A Washington state school district began a composting program aimed at reducing waste and cutting costs for the school district's trash pickup. Children were educated in how to separate their food and paper items from their trays prior when finished with lunch - and according to the article picked up on it quickly. The district saw initial reductions in waste generated by the cafeteria of nearly 50%. Kids are learning a valuable lesson in composting and perhaps will continue that practice over a lifetime.
Megan Loberg-Martin threw her trash in one bin and the remainders of her lunch in another, picked up her congratulatory "I compost!" sticker and promptly stuck it to her cheek.We should be encouraging our local school districts to do the same. Composting can be started with a minimal cost and effort. Children love to participate in environmental actions, and will have the opportunity to educate their parents on the value of composting.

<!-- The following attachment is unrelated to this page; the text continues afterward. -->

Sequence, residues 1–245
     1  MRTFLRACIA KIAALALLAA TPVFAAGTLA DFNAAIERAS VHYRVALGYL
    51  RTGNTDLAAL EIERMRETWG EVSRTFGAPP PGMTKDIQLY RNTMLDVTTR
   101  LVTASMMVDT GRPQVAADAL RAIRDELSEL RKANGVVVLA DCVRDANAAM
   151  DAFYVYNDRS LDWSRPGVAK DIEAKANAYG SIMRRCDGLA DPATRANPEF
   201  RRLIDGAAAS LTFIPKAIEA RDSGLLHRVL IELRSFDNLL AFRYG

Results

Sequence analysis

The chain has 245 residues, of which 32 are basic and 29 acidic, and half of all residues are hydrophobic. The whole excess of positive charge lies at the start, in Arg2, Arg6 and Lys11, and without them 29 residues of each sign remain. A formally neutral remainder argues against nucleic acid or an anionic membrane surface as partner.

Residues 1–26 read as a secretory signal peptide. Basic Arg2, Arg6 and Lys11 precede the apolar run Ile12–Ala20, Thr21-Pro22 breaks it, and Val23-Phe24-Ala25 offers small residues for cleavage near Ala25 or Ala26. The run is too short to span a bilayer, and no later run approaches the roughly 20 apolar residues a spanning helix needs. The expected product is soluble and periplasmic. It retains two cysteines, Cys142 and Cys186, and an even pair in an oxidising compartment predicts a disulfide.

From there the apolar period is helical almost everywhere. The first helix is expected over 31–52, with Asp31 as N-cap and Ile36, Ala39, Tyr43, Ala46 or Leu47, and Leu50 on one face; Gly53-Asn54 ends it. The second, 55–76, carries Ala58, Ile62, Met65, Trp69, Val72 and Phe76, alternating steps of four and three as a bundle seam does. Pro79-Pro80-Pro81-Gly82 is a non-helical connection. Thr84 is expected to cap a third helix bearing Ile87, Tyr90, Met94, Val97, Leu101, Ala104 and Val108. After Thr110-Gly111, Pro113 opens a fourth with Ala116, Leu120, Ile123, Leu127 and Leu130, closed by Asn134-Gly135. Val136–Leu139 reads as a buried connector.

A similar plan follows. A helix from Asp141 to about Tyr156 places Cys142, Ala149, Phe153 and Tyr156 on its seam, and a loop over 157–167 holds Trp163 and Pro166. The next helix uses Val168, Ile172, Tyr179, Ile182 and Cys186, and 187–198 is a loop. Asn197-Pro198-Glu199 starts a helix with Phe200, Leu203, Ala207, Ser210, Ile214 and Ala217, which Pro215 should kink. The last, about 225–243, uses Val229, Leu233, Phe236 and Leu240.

The first-grader and the rest of the students at Alderwood Elementary are learning how to recycle food in a pilot program with Sanitary Service Company."It's going to be important for the kids to learn about waste and where it goes," said Bellingham Schools Superintendent Dale Kinsley.
With the help of SSC volunteers, custodians, parents and Kinsley, who joined the Alderwood students for lunch Monday, kids are learning to pour out their milk and separate their silverware from their cafeteria food scraps.
The food and food-related paper products will be collected by SSC and then turned into compost at Green Earth Technologies in Lynden.